Market Overview

Startup City Is Littered With Lost Billions In Investments: Here Are 6 Obits From 2017

Startup City Is Littered With Lost Billions In Investments: Here Are 6 Obits From 2017

The first half of 2017 was a boulevard of broken dreams for a variety of startups that raised billions in capital, but only have ghostly, untended websites to show for it.

The reasons are varied, including this one: If the long-feared fintech bubble hasn’t quite burst, it kind of sprung a leak.

"[The market] will weed out things that aren't gaining traction," said Nathan Richardson, co-founder of Trading Ticket Inc (aka and a well-known entrepreneur who helped build Yahoo Finance.

“Capital is more scarce, which is natural in this stage of a cycle,” said Richardson, who told Benzinga back in April that financial technology had cooled by $2 billion per year in each of the past two years.

The Of Startups

Consumers play the key role in adoptability, of course, and Richardson said new apps are decelerating. WeChat, for example, requires a whole operating system. “Desktop is dead,” says Richardson.

And the so-called FANG group - Facebook Inc (NASDAQ: FB),, Inc. (NASDAQ: AMZN), Netflix, Inc. (NASDAQ: NFLX) and Alphabet Inc (NASDAQ: GOOGL) - have driven ad revenues so low that startups that rely on ad sales can’t compete.

As for fintech, pioneer Seth Merrin told Benzinga in May that it was a bubble. According to Richardson, “Fintech got overfunded without any big unicorns to dream of; on the asset side: audience is small; on (the) liability side, things scale but are less glamorous.”

Related link: Can Uber Make A Profit?

Startups: The Obituary Column

Here’s a list of high-profile failures of things that tried to be the next Amazon or Uber Technologies, with a shout out to CB Insights, which publishes post-mortems on startups trapped in a world they never made.


A meals-on-wheels for the relatively well-heeled, the daily dinner source couldn’t raise enough money to get big enough to turn a profit.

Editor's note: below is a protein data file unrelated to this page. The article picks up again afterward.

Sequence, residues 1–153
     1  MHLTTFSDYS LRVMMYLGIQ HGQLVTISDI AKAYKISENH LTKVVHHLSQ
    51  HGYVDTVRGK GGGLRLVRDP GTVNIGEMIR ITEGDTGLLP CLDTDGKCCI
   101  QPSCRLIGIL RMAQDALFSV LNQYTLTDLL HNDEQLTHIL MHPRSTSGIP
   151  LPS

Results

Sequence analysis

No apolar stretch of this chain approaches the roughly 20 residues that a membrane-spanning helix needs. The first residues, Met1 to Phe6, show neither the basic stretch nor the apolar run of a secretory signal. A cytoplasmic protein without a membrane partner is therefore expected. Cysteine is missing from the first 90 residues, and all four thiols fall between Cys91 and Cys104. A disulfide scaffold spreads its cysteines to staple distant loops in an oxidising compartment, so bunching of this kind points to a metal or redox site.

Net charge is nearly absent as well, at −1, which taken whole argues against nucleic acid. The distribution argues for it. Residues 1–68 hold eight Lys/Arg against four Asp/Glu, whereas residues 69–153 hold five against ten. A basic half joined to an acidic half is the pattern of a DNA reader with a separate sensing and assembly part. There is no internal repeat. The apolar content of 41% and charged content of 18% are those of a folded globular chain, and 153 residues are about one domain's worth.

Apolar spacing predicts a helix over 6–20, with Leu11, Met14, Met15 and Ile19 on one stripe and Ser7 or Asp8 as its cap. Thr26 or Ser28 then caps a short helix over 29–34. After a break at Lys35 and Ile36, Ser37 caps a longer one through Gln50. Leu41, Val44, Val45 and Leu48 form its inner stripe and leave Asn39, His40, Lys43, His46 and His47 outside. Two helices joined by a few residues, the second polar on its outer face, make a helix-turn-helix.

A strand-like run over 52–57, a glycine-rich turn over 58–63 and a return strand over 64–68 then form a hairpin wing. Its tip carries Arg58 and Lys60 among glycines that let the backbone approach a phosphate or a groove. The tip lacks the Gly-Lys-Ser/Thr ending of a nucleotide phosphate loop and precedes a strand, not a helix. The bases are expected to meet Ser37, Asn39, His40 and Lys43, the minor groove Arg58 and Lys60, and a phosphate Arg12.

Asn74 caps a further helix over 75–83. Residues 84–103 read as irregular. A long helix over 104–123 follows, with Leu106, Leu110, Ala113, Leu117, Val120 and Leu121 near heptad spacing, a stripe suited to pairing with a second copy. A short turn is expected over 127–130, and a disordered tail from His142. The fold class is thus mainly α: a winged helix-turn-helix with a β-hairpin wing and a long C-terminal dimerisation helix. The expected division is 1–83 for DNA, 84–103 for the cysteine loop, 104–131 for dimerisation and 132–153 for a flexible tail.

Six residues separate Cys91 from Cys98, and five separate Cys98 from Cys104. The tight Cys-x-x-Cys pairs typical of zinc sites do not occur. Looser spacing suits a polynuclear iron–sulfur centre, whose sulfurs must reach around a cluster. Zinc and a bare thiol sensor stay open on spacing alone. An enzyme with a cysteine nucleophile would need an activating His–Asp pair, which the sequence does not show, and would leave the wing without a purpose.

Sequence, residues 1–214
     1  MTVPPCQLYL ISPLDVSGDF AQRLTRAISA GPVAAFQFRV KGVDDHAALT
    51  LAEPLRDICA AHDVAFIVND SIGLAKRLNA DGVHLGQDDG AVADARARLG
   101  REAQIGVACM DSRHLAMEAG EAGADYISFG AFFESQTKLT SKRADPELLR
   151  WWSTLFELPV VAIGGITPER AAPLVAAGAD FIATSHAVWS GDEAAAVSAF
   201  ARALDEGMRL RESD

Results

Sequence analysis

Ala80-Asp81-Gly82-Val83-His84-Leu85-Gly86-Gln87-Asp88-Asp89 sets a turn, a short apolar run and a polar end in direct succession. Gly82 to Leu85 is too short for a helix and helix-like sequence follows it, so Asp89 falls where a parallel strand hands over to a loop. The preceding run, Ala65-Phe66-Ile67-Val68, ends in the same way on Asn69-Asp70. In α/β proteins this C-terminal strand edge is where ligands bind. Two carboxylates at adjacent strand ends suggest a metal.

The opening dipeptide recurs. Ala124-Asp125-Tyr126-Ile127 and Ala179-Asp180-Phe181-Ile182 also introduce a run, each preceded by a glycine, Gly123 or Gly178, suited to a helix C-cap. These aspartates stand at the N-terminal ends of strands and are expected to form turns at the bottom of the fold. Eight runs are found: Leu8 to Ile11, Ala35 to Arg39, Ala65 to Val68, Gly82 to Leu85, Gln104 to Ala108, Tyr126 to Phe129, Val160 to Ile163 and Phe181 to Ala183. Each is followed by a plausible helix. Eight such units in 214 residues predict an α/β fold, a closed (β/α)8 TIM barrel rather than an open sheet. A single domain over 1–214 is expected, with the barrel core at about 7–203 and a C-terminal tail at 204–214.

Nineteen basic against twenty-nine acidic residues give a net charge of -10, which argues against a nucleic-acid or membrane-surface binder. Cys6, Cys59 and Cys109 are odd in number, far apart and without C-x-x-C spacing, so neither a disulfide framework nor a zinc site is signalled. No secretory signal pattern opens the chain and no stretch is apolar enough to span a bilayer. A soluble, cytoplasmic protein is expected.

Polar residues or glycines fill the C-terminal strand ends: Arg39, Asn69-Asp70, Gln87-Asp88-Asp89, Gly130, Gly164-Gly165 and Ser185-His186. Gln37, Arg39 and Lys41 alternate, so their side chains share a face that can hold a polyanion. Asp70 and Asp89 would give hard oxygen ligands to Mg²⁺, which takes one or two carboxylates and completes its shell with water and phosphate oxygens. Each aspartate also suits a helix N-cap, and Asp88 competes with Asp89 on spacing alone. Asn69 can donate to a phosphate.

“We apologize to those of you who relied on Sprig for daily meals, and to our extended Sprig team for how this will impact them,” founder Gagan Biyani writes on the site’s online tombstone.

Sprig raised $56.7 million to cook and deliver its own gourmet meals in the San Francisco area, but it was reportedly losing six figures monthly and couldn't expand the service into other cities.


The black hole of venture capital, this electronics firm went under when its wearable fitness tracker failed to get the blood pumping of consumers, though investors were stoked enough to pump an eye-popping $900 million into the endeavor.


San Francisco-based Sindeo, a mortgage technology firm, announced its shutdown last month. CEO Nick Stamos had co-founded the business on more than $15 million in funding to enhance and simplify the mortgage-shopping experience.

“But, startups are hard and simplifying the highly regulated, complex business of mortgages is even harder,” he wrote in a public announcement on the company website. “I believed we had overcome the biggest hurdles, but unfortunately, we didn't.”

Editor's note, July 27: It looks like Sindeo is getting another chance.


The used-car marketplace was on its deathbed by the end 2016, but only when it began selling off its stock, like a freshly dead patient giving up organs, it was RIP for a startup that had raised $150 million in investment capital.


Parking is scarce in the big city, and this company had the mother of necessity-demanded inventions: A mobile valet service where people would pick up your car after you arrived at your congested destination, and deliver you to the same location when you were done. Investors pumped $75 million into the endeavor, which shut down in April.

Word on the street was that Uber was thinking about folding Luxe’s engineers and tech into its ride-sharing mix. Sometimes, there is a guardian angel with a bailout. Sometimes, that bailout is short-lived.

Which brings us to:


The e-commerce parent of, and was rescued by Amazon in 2010, then purged from Amazon’s virtual store shelves and the app store in March. The reason given was that the app and the products were sluggish sellers.

Hey, even Jeff Bezos isn’t perfect when it comes to startups.


Related Articles (AMZN + FB)

View Comments and Join the Discussion!

Posted-In: BeepiFintech Entrepreneurship Psychology Top Stories Startups Interview General Best of Benzinga